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SBF’s defense seeks to highlight Gary Wang and Nishad Singh’s ‘Inconsistent statement’ 

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TL;DR

  • In a fit to win over the jury and get their client a lenient sentence, SBF’s defense team intends to paint Caroline Ellison’s, Gary Wang and Nishad Singh’s testimonies as ‘inconsistent statements.’
  • SBF’s team has zoomed in on Signh’s haziness between June and July last year before his testimony.
  • Reports have it that SBF will take the stand to defend his “financial dignity’ in the ongoing trial. That will sure be a moment for crypto community members to pay attention to. Will he outgrow his fraud image?

The FTX legal battle representing SBF has been in the spotlight amid new developments in the case that have set the crypto world in awe. In a dramatic turn, the SBF legal defense team has made its intentions clear on claiming ‘inconsistent statements’ made by the prosecution witnesses who took the stand last week. 

Among them are FTX ex-officials Nishad Singh and Gary Wang. Bankman-Fried is currently facing allegations, including regulatory compliance issues and market manipulation. However, his defense team has taken to discredit the witness’s credibility. 

The ‘inconsistent statement’ claim by SBF defense 

Sam Bankman-Fried’s defense team tried to plead with the presiding Judge Lewis Kaplan to provide proof of an ‘inconsistent statement’ from the former FTX executives. The defense team has zeroed in on the witnesses who said concerning the financial situation of FTX and their comments on stablecoins. 

The defense also sought to decipher info on how SBF’s Alameda Research was allowed to borrow unlimited funds from the FTX crypto exchange. 

They also zoomed in on Signh’s haziness between June and July last year before his testimony. SBF’s team highlighted his initial testimony with the federal official before he took the stand. 

Two FBI agents are also set to take the stand as part of the defense witnesses to discuss their notes on the FTX investigation on conversations with Singh and Wang during their arrest.

As such, the defense seeks to present notes on these conversations by including the agents involved, noting that their testimonies do not coincide. According to the defense filing:

On October 21, Mr. Bankman-Fried’s counsel advised the Government that it would seek to introduce evidence of Mr. Wang’s and Mr. Singh’s prior inconsistent statements.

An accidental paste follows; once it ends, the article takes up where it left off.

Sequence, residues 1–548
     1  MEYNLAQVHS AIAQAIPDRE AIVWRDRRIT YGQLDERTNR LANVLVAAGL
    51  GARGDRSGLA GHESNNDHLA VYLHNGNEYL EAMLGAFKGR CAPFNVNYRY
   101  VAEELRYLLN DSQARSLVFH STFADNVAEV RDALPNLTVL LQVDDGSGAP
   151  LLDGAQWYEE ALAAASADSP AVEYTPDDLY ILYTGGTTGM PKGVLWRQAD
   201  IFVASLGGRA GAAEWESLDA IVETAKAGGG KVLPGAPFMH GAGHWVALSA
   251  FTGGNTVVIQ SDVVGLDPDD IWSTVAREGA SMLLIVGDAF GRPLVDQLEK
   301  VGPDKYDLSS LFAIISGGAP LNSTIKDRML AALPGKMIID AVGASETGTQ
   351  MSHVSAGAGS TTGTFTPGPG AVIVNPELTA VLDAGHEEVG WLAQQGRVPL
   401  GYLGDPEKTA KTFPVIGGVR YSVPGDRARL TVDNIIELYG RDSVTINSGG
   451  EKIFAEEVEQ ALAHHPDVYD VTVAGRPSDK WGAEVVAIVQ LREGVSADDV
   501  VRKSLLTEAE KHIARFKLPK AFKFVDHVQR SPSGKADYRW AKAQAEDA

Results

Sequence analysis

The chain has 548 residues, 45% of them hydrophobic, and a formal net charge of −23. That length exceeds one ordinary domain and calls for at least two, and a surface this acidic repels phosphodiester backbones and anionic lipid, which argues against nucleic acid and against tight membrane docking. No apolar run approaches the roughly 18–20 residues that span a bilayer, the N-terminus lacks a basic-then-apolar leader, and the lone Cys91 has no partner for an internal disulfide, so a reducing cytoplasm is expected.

SBF’s Defense filing

Wang had also testified that he couldn’t recall whether he talked about his market maker role in Alameda Research, and this did not align with his conversation in November 2022. In his discussion with law enforcement last year, he also spoke about stablecoins being part of the market-making function. However, he says he does not recall this conversation. 

Singh also made inconsistent statements on how well he recalled the events in July 2022 from June, and the filing highlights this. The filing states that he did not remember telling investigators if he felt OK about purchasing a house after the collapse of FTX in January. 

The filing details

However, one question remains: Will Sam Bankman-Fried take the stand? The former FTX CEO will be part of the witnesses to testify against the criminal fraud case. Following the intended presentation of its case on October 26, Cohen stated that SBF lawyers, Judge Lewis Kaplan, and the prosecution talked about SBF’s take to the stand in a telephone call on October 25. 

Based on Judge Kaplan’s comments on allowing the case to go straight through and move from the prosecution’s final witness to the defense’s first one. 

Also, according to Cohen, the defense team will not take more than 72 hours to question the three witnesses named as their witnesses. These would include Joseph Pimbley, who would testify on the responsibilities of former FTX employees. 

Judge Kaplan hinted that the witness’s testimony would take less than 30 minutes, excluding Sam Bankman-Fried’s testimony. Assistant US Attorney Nicolas Roos made other comments on the recent developments. He was quoted saying:

 The government has a single substantive wire fraud count related to customers, and the theory is that the defendant [SBF] made false representations and was in a trust relationship with depositors and took money. I think there is certainly an element to which these are very intertwined to the extent that the false representations created an impression of trust and confidence amongst the victims of the crime.

US Attorney Nicolas Roos

Disclaimer. The information provided is not trading advice. Cryptopolitan.com holds no liability for any investments made based on the information provided on this page. We strongly recommend independent research and/or consultation with a qualified professional before making any investment decision.

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Florence Muchai

Florence is a crypto enthusiast and writer who loves to travel. As a digital nomad, she explores the transformative power of blockchain technology. Her writing reflects the limitless possibilities for humanity to connect and grow.

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